Minnesota Hockey Magazine

Good Neighbors

Chaska’s Shane Gersich gets North Dakota on the board midway through the first period as Burnsville’s Brock Boeser, who assisted on the goal, looks on sparking UND to a 5-1 win over Quinnipiac in Saturday night’s Frozen Four title game at Amalie Arena in Tampa, Fla. (Photo courtesy of Jim Rosvold)

Minnesotans combine for eight points as UND wins Frozen Four

TAMPA, Fla. — Brock Boeser was not the MVP of the Frozen Four, but his numbers in the two games should grab any hockey fan’s attention.

Boeser, a freshman from Burnsville, had a goal and three assists and was a plus-4 to help the University of North Dakota men defeat Quinnipiac 5-1 on Saturday before a crowd of 19,358 at Amalie Arena.

“He’s been a special player for us all season long and big players come through in big games,” North Dakota senior left wing Drake Caggiula said of Boeser. “He definitely stepped up today.

“He’s a hell of a player, hell of a kid. It was an honor to play on his line all season long. He makes things happen out there and he definitely took charge today.”

Boeser had a point on each of the first four goals for North Dakota and ended up scoring the game-winning goal in the first period on a bit of an odd play.

Boeser and Austin Poganski, a St. Cloud Cathedral graduate, combined on what turned out to be the game-winning goal. The two forwards were on the ice killing a penalty and their aggressive play was rewarded.

“I was just finishing my check in the neutral zone and he tried to shoot it into a pad,” Poganski said of Boeser on the initial play. “But then Brock used his great speed.”

Quinnipiac goalie Michael Garteig came out of the net to play a loose puck, but shot it into Boeser, who ended up scoring his team-leading 27th goal into an empty net at 14:16 of the first period to give North Dakota a 2-1 lead.

“I saw the goalie come out and I kind of read what he was doing and he kind of gave it away,” said Boeser, who scored the first short-handed goal in a championship game since 1999. “It went off my shin pad and then I had a wide open net.”

The Fighting Hawks (34-6-4) led 2-1 going into the third period before Boeser had assists on two goals by Caggiula at 1:21 and 3:41 — to help North Dakota to a 4-1 lead.

He also had an assist on the game’s first goal, which was scored by Shane Gersich. Gersich, a freshman from Chaska, gave North Dakota a 1-0 lead at 11:56 of the first period.

That was just a great play by (Boeser) to get the puck out of the (defensive) zone and he was able to get it to (defenseman Gage Ausmus) and he was able to get a nice shot on net and the rebound just happened to be right there,” said Gersich, a Washington Capitals draft pick.

Poganski, a 20-year-old right wing and St. Louis Blues draft pick, finished off the scoring with a goal at 10:41 of the third period to make it 5-1.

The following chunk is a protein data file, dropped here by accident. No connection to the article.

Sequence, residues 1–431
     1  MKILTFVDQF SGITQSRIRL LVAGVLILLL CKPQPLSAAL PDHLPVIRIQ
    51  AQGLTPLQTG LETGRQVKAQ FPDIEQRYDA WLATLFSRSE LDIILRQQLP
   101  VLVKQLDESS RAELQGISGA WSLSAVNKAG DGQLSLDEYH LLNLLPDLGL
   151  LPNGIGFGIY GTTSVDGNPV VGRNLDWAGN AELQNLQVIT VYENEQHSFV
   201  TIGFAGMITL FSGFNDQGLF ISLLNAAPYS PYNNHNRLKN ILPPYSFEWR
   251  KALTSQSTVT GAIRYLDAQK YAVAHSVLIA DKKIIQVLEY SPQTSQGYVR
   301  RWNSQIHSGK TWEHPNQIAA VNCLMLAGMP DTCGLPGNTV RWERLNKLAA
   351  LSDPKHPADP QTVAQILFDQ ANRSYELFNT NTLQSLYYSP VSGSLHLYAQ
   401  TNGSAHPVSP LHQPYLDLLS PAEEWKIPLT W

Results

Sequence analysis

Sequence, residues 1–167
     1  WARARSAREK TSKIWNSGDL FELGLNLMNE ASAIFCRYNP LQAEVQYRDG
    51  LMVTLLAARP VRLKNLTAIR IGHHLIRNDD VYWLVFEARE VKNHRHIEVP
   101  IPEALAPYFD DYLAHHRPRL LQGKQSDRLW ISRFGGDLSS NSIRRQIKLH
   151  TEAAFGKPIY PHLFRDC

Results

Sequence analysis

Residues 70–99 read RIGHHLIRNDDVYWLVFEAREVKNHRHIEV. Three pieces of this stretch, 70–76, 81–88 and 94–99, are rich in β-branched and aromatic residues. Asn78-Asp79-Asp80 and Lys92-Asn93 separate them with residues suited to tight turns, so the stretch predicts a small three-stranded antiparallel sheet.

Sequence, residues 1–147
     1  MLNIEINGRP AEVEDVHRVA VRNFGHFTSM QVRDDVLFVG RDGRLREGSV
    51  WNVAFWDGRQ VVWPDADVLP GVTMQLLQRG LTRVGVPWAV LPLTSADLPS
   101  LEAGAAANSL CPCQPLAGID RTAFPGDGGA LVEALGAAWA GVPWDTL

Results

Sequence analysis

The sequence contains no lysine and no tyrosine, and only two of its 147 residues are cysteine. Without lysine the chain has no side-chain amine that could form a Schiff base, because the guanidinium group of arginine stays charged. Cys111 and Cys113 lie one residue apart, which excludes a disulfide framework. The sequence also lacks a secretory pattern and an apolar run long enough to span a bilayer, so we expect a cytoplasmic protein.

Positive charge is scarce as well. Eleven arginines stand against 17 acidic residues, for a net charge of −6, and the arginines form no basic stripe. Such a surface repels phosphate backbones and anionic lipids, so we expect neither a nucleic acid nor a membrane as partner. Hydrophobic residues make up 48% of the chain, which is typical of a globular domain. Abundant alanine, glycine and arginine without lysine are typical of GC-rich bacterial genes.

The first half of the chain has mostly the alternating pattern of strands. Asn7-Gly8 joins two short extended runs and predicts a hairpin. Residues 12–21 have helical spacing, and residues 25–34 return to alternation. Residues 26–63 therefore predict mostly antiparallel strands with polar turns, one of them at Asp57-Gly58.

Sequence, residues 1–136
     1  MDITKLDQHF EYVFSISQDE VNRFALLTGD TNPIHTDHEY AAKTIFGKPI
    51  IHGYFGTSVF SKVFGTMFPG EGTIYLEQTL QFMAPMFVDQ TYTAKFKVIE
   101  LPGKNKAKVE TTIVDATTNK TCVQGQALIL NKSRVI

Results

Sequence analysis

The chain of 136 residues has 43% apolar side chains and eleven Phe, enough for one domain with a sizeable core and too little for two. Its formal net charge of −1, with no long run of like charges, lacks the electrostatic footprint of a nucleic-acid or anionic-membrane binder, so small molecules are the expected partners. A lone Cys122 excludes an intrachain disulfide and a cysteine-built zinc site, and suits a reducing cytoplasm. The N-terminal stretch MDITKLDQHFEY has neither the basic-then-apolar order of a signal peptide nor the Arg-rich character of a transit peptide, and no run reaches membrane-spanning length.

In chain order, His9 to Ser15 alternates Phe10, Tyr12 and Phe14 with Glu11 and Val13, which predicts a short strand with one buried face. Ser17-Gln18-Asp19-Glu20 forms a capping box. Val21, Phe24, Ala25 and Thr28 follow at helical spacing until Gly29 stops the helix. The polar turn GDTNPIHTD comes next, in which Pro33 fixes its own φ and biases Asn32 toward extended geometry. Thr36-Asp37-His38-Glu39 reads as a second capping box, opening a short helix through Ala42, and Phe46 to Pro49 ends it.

“You dream for that, for just helping the team succeed and for winning the national championship,” Poganski said of scoring his 10th goal of the season. “I think everyone on this team had a little part in that today with blocked shots (14), big hits and big saves by (goalie) Cam (Johnson). Cam played awesome and it was a huge team effort.”

MINNESOTA CONTRIBUTIONS

Gersich had three shots on goal, a blocked shot and was a plus-1 in the game. He finished the season with nine goals, two assists and was a plus-15 in 36 games for the Fighting Hawks.

Trevor Olson, a sophomore right wing from Duluth, was the other forward from Minnesota in the lineup for the Fighting Hawks. Olson had four assists, 18 penalty minutes and was a plus-11 on the season.

Two of North Dakota’s defensemen in the lineup Saturday are from Minnesota.

Tucker Poolman, a sophomore from East Grand Forks and a Winnipeg Jets draft pick, had three shots, two blocked shots and was a plus-2 for the Fighting Hawks. For the season, he had five goals, 19 assists, four penalty minutes and was a plus-20.

Gage Ausmus, a junior from East Grand Forks, had two assists, four blocked shots, a shot on goal and was a plus-2 for North Dakota in the title game. Ausmus, a San Jose Sharks draft pick, had 11 assists, 31 penalty minutes and was a plus-14 on the season.

North Dakota’s Brad Berry, who played for the Minnesota North Stars from 1991-93, became the first rookie head coach to a national title. Berry, who set a school record for wins by a rookie coach, took over after Dave Hakstol left the university to coach the Philadelphia Flyers. Berry, who led North Dakota to the NCHC regular season title, spent nine seasons as an assistant coach before taking over as head coach of the Fighting Hawks.

ALL-TOURNAMENT TEAM

Boeser, Caggiula, North Dakota defenseman Troy Stecher, North Dakota goalie Cam Johnson, Quinnipiac center Travis St. Denis and Quinnipiac defenseman Connor Clifton were named to the all-tournament team. Caggiula, who had four goals, an assist and was a plus-5 in the two games, was named Most Outstanding Player of the Frozen Four.